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To: gentoo-desktop@g.o
From: Lindsay Haisley <fmouse-gentoo@...>
Subject: Re: Vulnerabilities on an RFC-1918 masqueraded Linux box.
Date: Wed, 23 Mar 2011 13:46:37 -0500
On Wed, 2011-03-23 at 10:44 +0100, Roman Zilka wrote:
> Apart from that, you may once in a while get tempted to open a piece of
> spam which just happens to look so legitimate. And this item happened
> to contain a 1x1 pixel white image which abused a hole in libmng which
> you'd always ignored, because you just never view mng files.

I think you mean "libpng", not "libmng".  I can't find any references to
the latter.  This exploit is apparently a design error in the library
and is rated as being of low risk for Linux.  You can get your Linux
desktop DoS'd, apparently, but I find no reference to a viral infection
or a wider system compromise.  Reboot and carry on :-)

My hypothetical question said "Please cite specific viruses/trojans"
which can affect a Linux desktop box.  There's a difference between an
exploit vulnerability which can open up a box from the inside to
intrusion, and persists across reboots, and a vulnerability via an open
port or exposed service which requires that the services be accessible
from the Internet cloud.  A javascript which can lock a box into an
infinite loop, or a libpng vulnerability which can effectively DoS a box
doesn't rise to this level.  Can we assume that there's no port exposure
in a box masqueraded on a RFC1918 network?  I'm not sure, which is why I
posed the question.

With perhaps a very few exception these exploits are aimed at MS Windows
boxes.  Recent Flash vulnerabilities, for instance, are listed as
affecting "Adobe Flash Player 10.1.82.76 and earlier versions for
Windows, Macintosh, Linux, and Solaris, and Adobe Flash Player
10.1.92.10 for Android" but the report goes on to say that "There are
reports that this vulnerability is being actively exploited in the wild
against Adobe Flash Player on Windows."  No mention of Linux, and I can
find no references to a web or email borne exploit found in the wild
that actually generates an *infection* on a Linux box.  Consider this a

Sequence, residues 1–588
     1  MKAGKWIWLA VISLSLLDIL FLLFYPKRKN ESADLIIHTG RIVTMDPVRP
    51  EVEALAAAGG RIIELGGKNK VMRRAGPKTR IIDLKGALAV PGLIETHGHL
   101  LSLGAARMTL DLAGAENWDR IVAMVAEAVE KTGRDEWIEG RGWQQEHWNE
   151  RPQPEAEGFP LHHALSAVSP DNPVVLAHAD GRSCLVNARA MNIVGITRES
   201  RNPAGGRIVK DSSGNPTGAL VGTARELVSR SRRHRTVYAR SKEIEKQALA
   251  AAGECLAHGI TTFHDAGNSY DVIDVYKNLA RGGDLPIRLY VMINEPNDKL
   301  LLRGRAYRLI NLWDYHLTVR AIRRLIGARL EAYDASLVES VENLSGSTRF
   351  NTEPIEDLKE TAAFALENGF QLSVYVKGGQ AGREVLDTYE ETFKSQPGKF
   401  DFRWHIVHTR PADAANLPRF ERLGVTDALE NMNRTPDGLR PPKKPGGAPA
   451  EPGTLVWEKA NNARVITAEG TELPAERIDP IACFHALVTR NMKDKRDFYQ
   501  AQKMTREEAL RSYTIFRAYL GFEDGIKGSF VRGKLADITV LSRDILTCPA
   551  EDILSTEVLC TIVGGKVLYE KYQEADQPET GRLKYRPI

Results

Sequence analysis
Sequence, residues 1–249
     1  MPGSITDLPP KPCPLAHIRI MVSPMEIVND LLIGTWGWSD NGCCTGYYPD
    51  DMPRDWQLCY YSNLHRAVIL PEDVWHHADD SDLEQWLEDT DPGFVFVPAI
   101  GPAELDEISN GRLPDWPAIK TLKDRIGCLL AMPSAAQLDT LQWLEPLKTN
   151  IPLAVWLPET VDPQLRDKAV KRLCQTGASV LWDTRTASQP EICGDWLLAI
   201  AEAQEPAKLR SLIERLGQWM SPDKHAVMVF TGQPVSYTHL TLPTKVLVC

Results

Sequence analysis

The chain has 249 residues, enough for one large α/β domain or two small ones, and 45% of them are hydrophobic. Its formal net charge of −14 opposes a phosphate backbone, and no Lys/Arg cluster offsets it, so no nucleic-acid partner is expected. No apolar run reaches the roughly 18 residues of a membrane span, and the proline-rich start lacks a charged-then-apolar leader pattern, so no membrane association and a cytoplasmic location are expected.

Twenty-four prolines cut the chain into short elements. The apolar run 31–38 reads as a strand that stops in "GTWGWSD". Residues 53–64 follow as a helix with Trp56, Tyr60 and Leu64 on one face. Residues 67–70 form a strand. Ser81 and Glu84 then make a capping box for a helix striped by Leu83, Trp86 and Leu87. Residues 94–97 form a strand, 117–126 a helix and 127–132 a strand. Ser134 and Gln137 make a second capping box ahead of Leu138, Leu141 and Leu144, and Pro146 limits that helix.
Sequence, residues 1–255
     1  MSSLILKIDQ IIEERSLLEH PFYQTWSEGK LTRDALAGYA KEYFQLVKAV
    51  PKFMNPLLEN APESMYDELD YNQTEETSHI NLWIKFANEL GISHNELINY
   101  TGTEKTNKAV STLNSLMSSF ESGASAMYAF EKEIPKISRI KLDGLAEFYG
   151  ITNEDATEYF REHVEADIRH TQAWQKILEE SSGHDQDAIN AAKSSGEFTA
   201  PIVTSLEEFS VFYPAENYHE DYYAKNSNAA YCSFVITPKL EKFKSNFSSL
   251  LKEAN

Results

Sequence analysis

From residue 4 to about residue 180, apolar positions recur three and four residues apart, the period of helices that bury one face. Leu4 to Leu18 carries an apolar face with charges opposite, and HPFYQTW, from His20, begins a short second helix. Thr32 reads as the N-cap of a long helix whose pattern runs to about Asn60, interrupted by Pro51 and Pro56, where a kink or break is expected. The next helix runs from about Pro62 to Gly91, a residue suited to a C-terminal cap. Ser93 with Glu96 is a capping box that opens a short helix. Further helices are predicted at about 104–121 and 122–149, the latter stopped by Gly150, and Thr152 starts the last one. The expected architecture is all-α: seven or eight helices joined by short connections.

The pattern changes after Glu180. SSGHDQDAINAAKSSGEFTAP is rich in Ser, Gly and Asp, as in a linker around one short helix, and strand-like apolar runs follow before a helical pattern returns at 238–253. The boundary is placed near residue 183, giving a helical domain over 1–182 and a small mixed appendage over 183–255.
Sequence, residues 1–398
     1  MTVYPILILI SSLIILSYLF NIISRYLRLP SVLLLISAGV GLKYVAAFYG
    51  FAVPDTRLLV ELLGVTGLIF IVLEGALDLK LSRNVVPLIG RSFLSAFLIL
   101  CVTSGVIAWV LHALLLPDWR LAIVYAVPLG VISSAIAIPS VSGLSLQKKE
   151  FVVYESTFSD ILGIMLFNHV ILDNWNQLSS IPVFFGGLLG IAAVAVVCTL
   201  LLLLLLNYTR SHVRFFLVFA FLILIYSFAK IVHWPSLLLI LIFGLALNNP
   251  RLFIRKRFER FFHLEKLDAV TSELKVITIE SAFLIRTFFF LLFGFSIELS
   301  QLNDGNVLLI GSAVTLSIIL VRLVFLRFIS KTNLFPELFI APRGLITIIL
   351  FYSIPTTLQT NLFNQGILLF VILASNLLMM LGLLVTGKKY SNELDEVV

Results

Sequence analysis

challenge, if you will, since I'd love to be proved wrong on this last
point and learn something.

One of the reasons I use Linux is because real infections of any sort
via email or web are extremely rare.  This isn't to say that they're
non-existent, and there's no such thing as absolute security, but
prevention of such problems is a matter of keeping up with CERT
bulletins.  A quick search on US-CERT's website is pretty reassuring.
Searching for Linux turns up virtually nothing from the past several
years, although I do know that there was a nasty glibc vulnerability not
too long ago.  There's a difference, however, (subtle as it may be)
between getting infected by a virus and getting cracked by an intruder.

> DNSSEC is also on the table nowadays. No firewall will protect you from
> spoofed DNS replies that will lead your browser to a malicious site.

We've seen this.  I'm not running DNSSEC on my DNS servers but I've
taken other measures to avoid cache poisoning on them.  One of my
clients, using one of RoadRunner's DNS servers, did have this problem,
from a Windows box, and got a very fake Google front page!

> Also, you mentioned earlier that you access various VPNs. I don't know
> much about VPNs, and topologies and configurations may clearly vary
> broadly, but I suppose there can be a setting such that your PC will
> get exposed to direct traffic from the VPN peers. NAT or not NAT.

Absolutely!  If a skilled cracker were to compromise one of my servers,
or one of my clients' servers to which I'm connected via VPN, then I'm a
sitting duck, assuming said cracker has the skill to figure out how to
traverse the VPN and compromise _my_ Linux security.  My VPN's are wide
open, for a reason.  My question is a hypothetical one, however,
regarding general security, and the issue of VPNs relates only to my
particular setup.  And this involves an "exploit" of a connected box,
not a virus/trojan infection, as per my question.

One always learns far more from one's failures than from one's
successes.  My Linux servers _have_ been hacked.  The biggest hole on my
servers is PHP, and all the break-ins on them have been via large PHP
mega-apps (e.g. WordPress).  Most recently we had a customer's WordPress
installation compromised and the attacker was trying exploit a known
vulnerability in the local glibc.  He managed only to totally DoS the
box and I had to get an on-site admin to re-boot it.  I've locked down
execute perms on wget, which is what most of these black-hats use to
load in their cracking tools, and we've had zero problems since.  But
this is server stuff, and OT for this forum.

-- 
Lindsay Haisley       | "Fighting against human creativity is like 
FMP Computer Services |   trying to eradicate dandelions"
512-259-1190          |    (Pamela Jones)
http://www.fmp.com    |



Replies:
Re: Vulnerabilities on an RFC-1918 masqueraded Linux box.
-- Roman Zilka
Re: Vulnerabilities on an RFC-1918 masqueraded Linux box.
-- Donnie Berkholz
References:
Vulnerabilities on an RFC-1918 masqueraded Linux box.
-- Lindsay Haisley
Re: Vulnerabilities on an RFC-1918 masqueraded Linux box.
-- Roman Zilka
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